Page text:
Obamacare’s unintended consequences

Rob Portman Contributing Columnist

February 20, 2014

The more we learn about Obamacare, the worse it gets for the American people. We have become almost numb to the parade of bad news that has followed last year’s rollout of the President’s health care legislation — the failed website, the millions of Americans who lost their health insurance or their doctor, the millions more who’ve seen their premiums and deductibles go up, the businesses that aren’t hiring or are cutting hours because of the law’s provisions.

Take the small business owner who wrote to me about having to tell his 35 employees that their insurance would be cancelled and that the cheapest replacement policies would include a 35 percent increase in premiums as well as a 33 percent increase in deductibles. Or the father of five who saw the cost of his family’s insurance double under Obamacare. I’ve heard many similar stories repeated by moms and dads and small business owners across our state.

Now we have even more bad news: a new analysis from the non-partisan Congressional Budget Office (CBO) says Obamacare will result in the equivalent of 2.5 million Americans dropping out of the workforce over the next decade because there will be a disincentive to work.

Under Obamacare, workers who make up to 400 percent of the poverty line are eligible for government health care subsidies. These subsidies phase out sharply as people work harder, gain more responsibility, and move up the ladder. As the CBO reminds us, if government policy makes work less financially rewarding for people, there is likely to be less work.

Many Democrats in Washington are celebrating this report, claiming that it gives these Americans freedom from work to be able “to pursue their dreams,” as one White House spokesperson said. What it actually does is dissuade people from the best way to get out of poverty — working a job. From indications based on research about the current 35 year low in “labor participation,” the majority of those who will leave the workforce will be young, single, childless people in poverty who are just making their first efforts to climb the ladder of success.

The Democrats like to say that these workers are getting out of “job-lock.” My concern is that they are becoming mired in poverty-lock, their dreams of building a better life undermined by government penalties that make it easier and more cost-effective not to work. For them, the social safety net becomes a spider web, a trap that those Americans already in poverty will be unable to escape.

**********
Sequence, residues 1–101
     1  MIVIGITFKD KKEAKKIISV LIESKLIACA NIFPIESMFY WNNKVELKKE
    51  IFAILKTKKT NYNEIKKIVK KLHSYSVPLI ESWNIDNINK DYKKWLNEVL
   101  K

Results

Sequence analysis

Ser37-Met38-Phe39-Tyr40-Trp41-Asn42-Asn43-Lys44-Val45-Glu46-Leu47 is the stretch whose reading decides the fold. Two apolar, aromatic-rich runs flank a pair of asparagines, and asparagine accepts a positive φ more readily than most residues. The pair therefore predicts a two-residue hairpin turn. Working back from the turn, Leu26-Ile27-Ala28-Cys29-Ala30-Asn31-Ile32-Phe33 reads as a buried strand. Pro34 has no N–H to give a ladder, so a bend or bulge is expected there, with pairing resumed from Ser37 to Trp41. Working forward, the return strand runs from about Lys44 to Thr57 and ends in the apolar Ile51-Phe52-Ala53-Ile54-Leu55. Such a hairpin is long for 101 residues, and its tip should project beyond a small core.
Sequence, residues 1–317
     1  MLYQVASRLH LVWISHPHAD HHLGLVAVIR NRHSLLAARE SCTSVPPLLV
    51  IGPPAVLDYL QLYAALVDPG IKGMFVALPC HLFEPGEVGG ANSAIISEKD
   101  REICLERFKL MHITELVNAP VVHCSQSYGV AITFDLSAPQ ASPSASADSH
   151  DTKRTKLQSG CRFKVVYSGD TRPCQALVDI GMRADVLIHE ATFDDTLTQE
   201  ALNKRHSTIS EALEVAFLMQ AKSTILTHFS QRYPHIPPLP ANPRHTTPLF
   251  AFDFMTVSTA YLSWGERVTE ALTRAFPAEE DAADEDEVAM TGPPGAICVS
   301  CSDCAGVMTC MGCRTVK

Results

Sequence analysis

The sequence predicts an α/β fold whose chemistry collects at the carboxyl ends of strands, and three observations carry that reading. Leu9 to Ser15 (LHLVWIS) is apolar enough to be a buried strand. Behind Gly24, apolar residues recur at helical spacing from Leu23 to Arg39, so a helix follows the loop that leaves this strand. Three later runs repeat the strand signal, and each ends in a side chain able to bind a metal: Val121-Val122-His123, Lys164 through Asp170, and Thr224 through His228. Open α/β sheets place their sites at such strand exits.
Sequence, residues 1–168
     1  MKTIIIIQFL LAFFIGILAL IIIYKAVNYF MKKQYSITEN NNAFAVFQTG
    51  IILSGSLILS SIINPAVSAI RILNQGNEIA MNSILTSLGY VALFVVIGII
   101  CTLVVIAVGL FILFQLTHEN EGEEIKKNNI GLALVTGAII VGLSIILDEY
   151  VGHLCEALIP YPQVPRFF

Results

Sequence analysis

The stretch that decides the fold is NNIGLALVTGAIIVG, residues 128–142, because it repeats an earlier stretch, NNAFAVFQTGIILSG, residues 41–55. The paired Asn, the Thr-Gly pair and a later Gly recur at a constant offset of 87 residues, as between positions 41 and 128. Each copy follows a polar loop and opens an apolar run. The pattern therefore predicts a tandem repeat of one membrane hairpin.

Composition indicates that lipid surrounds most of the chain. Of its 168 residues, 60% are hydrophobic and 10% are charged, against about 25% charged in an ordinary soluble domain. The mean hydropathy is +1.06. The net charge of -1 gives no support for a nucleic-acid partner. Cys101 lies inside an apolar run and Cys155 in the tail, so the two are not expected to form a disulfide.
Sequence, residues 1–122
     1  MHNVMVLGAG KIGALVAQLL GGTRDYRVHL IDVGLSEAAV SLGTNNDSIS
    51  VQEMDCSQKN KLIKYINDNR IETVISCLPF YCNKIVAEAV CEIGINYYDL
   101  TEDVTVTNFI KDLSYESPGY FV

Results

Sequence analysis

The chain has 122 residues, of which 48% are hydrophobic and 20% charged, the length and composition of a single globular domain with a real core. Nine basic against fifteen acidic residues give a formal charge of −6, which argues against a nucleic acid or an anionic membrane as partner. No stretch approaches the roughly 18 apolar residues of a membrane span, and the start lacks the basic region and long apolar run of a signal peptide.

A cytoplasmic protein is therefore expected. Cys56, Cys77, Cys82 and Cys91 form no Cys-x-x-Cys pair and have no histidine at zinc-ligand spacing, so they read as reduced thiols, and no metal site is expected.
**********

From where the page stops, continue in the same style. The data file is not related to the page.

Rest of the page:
It’s a sad day when we measure success by how many people drop out of the workforce, rather than how many people are able to climb the ladder of success toward a good job. That’s not what America is about.

We want America to be a place where if you work hard and play by the rules you can get ahead. The sort of place where, as President Obama said in his State of the Union Address, “the son of a barkeep is speaker of the House, [and] the son of a single mom can be president…” That sort of opportunity society encourages work, not dependency.

The dignity and self-respect that comes from a job is a strong American ideal. Based on the CBO report, Obamacare’s poorly designed subsidy system with a sharp cliff if you work too much encourages even those who want to work not to do so. It essentially makes work a poor economic decision. It sets up a system where a job seems like it’s not worth the effort.

This effect could hardly come at a worse time. The Labor Participation Rate — the measure of how many Americans are actively employed or seeking work — is already at levels not seen since the 1970s. Too many workers are already discouraged. They already feel like they cannot get ahead in this economy.

In the face of these challenges, we need pro-growth policies that create opportunity and help the unemployed get back in a job, policies that help the poor become part of our vibrant middle class. Obamacare is the opposite of that. I’ve spoken with many small businesses that tell me they are holding back on hiring new employees because of the costs associated with the President’s health care law. We also know that Obamacare will result in the equivalent of a one percent pay cut for the American worker.

Democrats want to claim that Obamacare has no effect on job creation or, even more unbelievably, that it is a net positive. And yet, just this week, the President delayed the employer mandate in Obamacare for yet another year. It makes one wonder, if the policies contained in Obamacare are so beneficial to the American people and the economy, why has the Administration delayed or amended provision after provision of the law?

Whatever the good intentions were behind Obamacare when it was created, those intentions have been undermined by the reality of its implementation. Despite promises to the contrary, it is reducing jobs. It drives up cost. It takes away health care coverage people need for themselves and for their families. And now we know it undermines work, too. The need to repeal it and replace it with reforms that work to lower costs and expand coverage without killing jobs is now more urgent than ever.

Rob Portman is a United States Senator.